In a short period of time, the COVID-19 pandemic has upended life as we know it, creating uncertainty and anxiety for all of us. But what has uplifted me during these difficult times is the way so many people in healthcare, biotech and big pharma have responded.
I have been awed by how our people at Syros have supported each other in ways – big and small – and how they have gone above and beyond to continue to advance our mission of transforming patients’ lives. I’ve seen it during our virtual morning coffee dates and weekly lunches and in our company-wide chat: people are lightening the load with humor, providing homeschooling tips and sharing how they are coping. I’ve seen every part of our organization overcome obstacles and find creative solutions to keep our business moving forward, prevent disruptions to our clinical trials, and advance research aimed at finding much-needed new medicines for patients with cancer and genetic diseases.
As I look across ours and other industries, I see the same dedication and grit. I see reason to hope – and not the “hope and a prayer” kind, but real hope.
The rapid mobilization of scientists, biotech, pharma, and healthcare providers to collectively combat this virus is unlike any effort I have seen before. More than 100 clinical trials are already underway to test drugs to treat and prevent the spread of COVID-19. We have succeeded in treating viral diseases before – HIV, HCV, influenza – and scientists and clinicians are using their past experience with viruses to combat this new one. The speed by which we’ve translated our understanding of the virus and the clinical course of the disease into drugs in clinical testing is remarkable. This is not about if we will find treatments, but when.
But the reasons for hope go beyond our efforts to battle the virus itself.
While we may be physically apart, we are coming together to support our healthcare workers and help the most vulnerable people in our communities.
To name just two examples: the Massachusetts Life Sciences Emergency Supply Hub is coordinating donations from life sciences and healthcare organizations to give first responders and healthcare workers the lab and diagnostic supplies, personal protection equipment (PPE), and medical and scientific expertise they so desperately need. Life Science Cares’ (LSC) is connecting people to virtual volunteer opportunities and launched the COVID-19 Response Fund to help the hardest-hit people in our communities – the homeless, those living in poverty, and students – by providing food, medical care, financial support and resources to continue education. In a little more than a week, companies have donated more than $1 million to the fund.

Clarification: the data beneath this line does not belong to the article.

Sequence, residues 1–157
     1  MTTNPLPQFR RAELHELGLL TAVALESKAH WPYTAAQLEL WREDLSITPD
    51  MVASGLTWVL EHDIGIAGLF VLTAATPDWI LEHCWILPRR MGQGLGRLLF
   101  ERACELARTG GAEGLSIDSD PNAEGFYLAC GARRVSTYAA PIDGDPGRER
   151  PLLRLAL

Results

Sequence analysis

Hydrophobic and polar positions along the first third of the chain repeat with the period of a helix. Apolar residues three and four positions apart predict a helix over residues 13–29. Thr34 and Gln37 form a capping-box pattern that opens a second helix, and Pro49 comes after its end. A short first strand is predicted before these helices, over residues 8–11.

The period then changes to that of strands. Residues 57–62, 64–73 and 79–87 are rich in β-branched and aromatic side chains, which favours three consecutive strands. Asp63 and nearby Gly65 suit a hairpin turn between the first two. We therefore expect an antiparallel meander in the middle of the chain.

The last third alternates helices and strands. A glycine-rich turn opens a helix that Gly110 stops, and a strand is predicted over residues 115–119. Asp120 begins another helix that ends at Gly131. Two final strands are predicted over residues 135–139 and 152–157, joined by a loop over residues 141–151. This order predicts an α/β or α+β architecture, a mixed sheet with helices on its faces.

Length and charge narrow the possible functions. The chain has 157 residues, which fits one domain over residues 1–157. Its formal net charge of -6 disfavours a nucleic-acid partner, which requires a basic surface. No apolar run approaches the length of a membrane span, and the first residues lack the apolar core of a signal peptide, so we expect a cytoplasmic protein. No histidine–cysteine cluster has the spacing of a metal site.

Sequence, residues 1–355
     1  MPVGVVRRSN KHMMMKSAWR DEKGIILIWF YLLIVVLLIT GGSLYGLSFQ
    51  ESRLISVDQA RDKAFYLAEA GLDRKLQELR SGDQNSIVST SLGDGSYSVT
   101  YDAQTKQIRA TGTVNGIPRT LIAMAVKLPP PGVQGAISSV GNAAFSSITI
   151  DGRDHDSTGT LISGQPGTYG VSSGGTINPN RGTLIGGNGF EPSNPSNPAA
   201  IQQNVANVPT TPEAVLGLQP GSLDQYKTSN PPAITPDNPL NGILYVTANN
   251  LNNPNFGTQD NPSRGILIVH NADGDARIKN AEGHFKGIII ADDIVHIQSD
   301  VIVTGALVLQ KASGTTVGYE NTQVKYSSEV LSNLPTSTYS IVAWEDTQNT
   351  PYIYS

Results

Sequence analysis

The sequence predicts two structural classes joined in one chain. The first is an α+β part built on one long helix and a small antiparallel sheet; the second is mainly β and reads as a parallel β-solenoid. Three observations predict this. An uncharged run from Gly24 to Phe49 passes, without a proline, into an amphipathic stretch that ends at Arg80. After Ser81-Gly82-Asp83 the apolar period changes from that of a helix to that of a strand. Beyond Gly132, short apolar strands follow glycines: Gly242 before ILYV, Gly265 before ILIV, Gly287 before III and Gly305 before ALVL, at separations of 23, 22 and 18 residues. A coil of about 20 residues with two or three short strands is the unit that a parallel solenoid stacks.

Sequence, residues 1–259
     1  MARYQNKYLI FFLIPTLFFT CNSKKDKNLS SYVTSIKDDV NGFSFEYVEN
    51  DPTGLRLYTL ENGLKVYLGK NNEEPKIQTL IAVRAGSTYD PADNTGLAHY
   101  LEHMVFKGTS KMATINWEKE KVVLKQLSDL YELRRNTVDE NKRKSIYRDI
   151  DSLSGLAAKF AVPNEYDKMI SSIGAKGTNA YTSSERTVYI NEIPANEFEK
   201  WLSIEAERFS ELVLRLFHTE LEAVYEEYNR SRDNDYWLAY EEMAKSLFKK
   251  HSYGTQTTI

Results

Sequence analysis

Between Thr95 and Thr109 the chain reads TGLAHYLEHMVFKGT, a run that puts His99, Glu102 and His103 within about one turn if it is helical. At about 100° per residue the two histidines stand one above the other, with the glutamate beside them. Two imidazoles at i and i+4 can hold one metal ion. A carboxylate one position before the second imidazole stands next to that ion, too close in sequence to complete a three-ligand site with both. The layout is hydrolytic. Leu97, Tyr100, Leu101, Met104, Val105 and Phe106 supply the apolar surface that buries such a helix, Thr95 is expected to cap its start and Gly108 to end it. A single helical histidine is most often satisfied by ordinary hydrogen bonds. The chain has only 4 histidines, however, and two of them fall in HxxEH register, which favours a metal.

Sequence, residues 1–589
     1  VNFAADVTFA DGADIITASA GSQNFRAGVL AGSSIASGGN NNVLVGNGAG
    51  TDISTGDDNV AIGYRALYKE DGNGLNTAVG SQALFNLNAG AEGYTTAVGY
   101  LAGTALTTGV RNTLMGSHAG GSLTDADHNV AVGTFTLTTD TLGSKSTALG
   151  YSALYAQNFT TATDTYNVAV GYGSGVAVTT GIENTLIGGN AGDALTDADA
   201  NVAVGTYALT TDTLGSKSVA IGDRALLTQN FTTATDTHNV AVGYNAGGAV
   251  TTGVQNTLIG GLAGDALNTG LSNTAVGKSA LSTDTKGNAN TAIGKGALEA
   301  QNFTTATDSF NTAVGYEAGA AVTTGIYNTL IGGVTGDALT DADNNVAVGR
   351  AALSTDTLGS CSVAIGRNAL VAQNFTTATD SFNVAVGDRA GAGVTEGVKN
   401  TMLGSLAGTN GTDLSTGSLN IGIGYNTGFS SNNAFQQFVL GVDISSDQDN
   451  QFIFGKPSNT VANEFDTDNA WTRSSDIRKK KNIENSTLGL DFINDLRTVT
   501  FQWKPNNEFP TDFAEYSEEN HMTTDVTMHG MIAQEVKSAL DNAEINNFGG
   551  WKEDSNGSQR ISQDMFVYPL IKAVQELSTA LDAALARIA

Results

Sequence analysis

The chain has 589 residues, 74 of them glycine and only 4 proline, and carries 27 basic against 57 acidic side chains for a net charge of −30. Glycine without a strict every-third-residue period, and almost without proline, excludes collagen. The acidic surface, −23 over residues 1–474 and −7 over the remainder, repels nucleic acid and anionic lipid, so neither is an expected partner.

These incredible efforts of people throughout the biotech industry in the face of this crisis give me confidence in our collective ability to adapt, overcome the challenges ahead, and emerge stronger for it.
Hope and caring are our guiding lights amidst the uncertainty. May they continue to be our guiding lights both during and beyond this pandemic as we strive to deliver medicines that make a profound difference for patients and aim to make our communities stronger.
About the Author:
Nancy Simonian, M.D
CEO, Syros Pharmaceuticals
Nancy Simonian, M.D, is the founding CEO of Syros and has an established track record of value creation in biotechnology. Prior to Syros, she was Chief Medical Officer at Millennium Pharmaceuticals, and previously, Vice President of Clinical Development at Biogen. Nancy has overseen the successful development of numerous medicines. Under Nancy’s leadership as Chief Medical Officer at Millennium, VELCADE became a mainstay of treatment for multiple myeloma. Nancy led development of Millennium’s clinical pipeline, including NINLARO for hematologic malignancies and ENTYVIO for inflammatory bowel disease. At Biogen, Nancy played a central role in developing AVONEX and TYSABRI for multiple sclerosis. Nancy started her career as an assistant professor at Harvard Medical School and neurology staff at Massachusetts General Hospital (MGH). She trained in neurology and internal medicine at MGH and graduated with a bachelor’s degree in biology from Princeton. She is currently a member of the board of directors of Evelo Biosciences, Seattle Genetics, the Biotechnology Innovation Organization (BIO) and the Damon Runyon Cancer Research Foundation.